The nearly 6-year long tenure of Speaker of the House John Boehner has been free of the taint of personal scandal. But among some in the House Republican conference, the fate of the GOP Speakers who came before him is still a painful memory.
The authority of former Speaker Newt Gingrich was undercut by ethics charges related to violations of federal tax law and providing inaccurate information to a House Committee investigating him. The man chosen to be his successor, Rep. Bob Livingston, of Louisiana, never officially took over the speakership, resigning after it was revealed that he had had an extra-marital affair.
Rep. Dennis Hastert, who replaced Livingston, faced serious criticism during his time in office, particularly over real estate deals that made him a multi-millionaire. He was able to resign on his own terms but years later would be indicted on money laundering charges as he sought to pay off a former student with whom he allegedly had an improper sexual relationship during his years as a high school teacher.
With the GOP conference preparing to hold elections to replace Boehner, who is retiring at the end of the month, as well as the rest of the leadership team, Rep. Walter Jones, a conservative Republican from North Carolina, wants to avoid any such problems in the future. And he has a plan.
In a letter to Republican Conference Chair Cathy McMorris Rodgers, he called on all candidates for leadership positions to pre-emptively disclose any “skeletons in their closet.” The letter was published by the Washington Examiner on Tuesday morning.
“In a time when confidence in Congress has reached a new low and voters across America want their elected leaders to listen to them instead of special interests, the House of Representatives and the Republican Conference in particular can take a step in that direction and elect a Speaker who will restore a transparent process to the operations of the House,” Jones wrote.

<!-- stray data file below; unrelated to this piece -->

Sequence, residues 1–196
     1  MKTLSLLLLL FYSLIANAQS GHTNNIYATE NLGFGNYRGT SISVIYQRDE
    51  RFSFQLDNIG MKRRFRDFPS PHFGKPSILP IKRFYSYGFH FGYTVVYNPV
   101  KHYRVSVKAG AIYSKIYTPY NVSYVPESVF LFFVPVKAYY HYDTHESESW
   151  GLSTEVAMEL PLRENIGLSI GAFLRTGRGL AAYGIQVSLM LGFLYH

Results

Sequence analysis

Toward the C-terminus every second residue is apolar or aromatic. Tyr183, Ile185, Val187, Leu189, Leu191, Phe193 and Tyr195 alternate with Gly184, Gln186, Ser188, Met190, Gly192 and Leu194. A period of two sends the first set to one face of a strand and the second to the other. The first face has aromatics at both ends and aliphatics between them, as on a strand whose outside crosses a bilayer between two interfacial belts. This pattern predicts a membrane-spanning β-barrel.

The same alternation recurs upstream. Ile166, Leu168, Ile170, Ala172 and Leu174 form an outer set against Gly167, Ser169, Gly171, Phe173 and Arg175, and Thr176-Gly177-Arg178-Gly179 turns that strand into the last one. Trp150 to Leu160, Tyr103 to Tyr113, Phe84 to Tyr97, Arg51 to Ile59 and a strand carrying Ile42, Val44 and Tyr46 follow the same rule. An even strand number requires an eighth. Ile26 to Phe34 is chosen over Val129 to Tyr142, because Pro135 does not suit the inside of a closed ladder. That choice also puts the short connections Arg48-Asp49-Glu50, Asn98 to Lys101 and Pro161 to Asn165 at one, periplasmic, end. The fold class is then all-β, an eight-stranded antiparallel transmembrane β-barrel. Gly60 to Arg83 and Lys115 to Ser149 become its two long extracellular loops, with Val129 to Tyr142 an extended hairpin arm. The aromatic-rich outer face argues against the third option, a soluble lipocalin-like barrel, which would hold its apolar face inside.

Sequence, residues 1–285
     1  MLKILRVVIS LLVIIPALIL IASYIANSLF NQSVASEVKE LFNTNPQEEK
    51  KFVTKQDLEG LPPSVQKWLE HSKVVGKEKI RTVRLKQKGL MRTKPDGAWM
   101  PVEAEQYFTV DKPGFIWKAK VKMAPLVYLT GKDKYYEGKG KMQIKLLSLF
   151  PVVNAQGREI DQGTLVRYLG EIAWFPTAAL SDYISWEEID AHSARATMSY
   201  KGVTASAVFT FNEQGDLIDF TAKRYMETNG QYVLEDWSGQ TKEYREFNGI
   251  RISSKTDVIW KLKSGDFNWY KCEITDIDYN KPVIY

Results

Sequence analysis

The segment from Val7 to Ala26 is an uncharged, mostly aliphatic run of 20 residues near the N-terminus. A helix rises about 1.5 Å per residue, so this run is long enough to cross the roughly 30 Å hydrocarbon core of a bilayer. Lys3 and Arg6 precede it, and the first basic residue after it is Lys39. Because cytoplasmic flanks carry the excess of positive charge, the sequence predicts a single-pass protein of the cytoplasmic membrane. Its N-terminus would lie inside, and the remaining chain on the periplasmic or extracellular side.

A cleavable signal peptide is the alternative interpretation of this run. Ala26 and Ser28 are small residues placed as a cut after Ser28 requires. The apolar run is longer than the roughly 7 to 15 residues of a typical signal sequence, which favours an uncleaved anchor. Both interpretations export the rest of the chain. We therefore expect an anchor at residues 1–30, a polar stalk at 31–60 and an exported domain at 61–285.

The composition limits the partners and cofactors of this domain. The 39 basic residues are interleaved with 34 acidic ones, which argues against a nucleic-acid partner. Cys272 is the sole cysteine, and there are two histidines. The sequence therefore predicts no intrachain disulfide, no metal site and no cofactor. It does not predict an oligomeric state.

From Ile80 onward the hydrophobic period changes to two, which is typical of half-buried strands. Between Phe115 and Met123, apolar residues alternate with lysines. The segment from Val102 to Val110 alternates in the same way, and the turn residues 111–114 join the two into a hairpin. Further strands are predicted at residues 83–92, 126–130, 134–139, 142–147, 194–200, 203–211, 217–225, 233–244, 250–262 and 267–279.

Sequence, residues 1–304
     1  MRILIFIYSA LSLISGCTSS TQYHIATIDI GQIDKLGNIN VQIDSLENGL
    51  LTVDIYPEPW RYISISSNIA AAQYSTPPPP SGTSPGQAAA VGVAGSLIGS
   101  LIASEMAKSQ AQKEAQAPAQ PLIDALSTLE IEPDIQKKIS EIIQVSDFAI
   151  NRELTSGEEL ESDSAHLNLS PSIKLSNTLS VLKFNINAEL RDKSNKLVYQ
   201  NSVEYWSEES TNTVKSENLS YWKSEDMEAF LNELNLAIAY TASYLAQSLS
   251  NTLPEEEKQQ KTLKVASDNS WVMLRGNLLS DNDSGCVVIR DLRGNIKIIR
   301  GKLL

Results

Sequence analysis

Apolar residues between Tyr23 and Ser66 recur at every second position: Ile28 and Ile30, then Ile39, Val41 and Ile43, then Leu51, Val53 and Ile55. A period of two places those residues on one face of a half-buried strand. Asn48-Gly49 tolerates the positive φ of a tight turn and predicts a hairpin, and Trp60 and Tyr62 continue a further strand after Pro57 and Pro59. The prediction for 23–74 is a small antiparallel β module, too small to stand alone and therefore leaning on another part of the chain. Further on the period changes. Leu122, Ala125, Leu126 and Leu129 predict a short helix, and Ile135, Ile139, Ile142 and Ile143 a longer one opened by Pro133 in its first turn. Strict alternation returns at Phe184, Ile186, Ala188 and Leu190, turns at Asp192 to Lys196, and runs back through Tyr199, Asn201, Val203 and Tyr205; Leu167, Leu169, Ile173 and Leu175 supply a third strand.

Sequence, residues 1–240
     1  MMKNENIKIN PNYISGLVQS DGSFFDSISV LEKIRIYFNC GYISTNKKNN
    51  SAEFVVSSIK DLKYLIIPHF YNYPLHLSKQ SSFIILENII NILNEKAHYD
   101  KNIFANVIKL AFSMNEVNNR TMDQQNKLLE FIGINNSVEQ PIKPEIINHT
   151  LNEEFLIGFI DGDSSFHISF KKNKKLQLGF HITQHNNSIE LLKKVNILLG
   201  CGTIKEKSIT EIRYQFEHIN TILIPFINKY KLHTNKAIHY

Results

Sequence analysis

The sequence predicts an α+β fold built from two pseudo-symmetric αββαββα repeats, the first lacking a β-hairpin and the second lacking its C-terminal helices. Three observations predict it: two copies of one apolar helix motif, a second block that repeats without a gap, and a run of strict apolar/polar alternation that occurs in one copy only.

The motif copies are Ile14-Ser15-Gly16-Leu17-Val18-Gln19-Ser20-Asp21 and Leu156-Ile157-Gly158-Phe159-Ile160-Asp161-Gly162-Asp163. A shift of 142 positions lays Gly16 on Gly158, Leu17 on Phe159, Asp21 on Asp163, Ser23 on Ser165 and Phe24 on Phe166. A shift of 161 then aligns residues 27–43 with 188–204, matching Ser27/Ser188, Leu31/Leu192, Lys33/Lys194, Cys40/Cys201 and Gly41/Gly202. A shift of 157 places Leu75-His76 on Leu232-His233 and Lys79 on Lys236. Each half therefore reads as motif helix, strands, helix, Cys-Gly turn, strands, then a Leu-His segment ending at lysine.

“I’ve had the pleasure of serving the third district of North Carolina for the past 20 years in Congress. Some of the most difficult times have been when our Republican leaders or potential Republican leaders must step down because of skeletons in their closets. We’ve seen it with former Speaker Newt Gingrich and Rep. Bob Livingston, who ran for Speaker in 1998.”
Then, in a paragraph that he bolded and underlined, Jones wrote, “With all the voter distrust of Washington felt around the country, I’m asking that any candidate for Speaker of the House, majority leader, and majority whip withdraw himself from the leadership election if there are any misdeeds he has committed since joining Congress that will embarrass himself, the Republican Conference, and the House of Representatives if they become public.”
Jones went on to ask McMorris Rodgers to place his request on the agenda for discussion when the elections take place.
In a hand-written note, he added, “I believe this question is important to the integrity of the House.”
The House Republicans will vote for a new speaker Thursday, in a closed-door session. A final vote in the full House will take place at the end of the month. The new speaker, currently expected to by the current majority leader, Rep. Kevin McCarthy of California, will determine the timing of other leadership elections.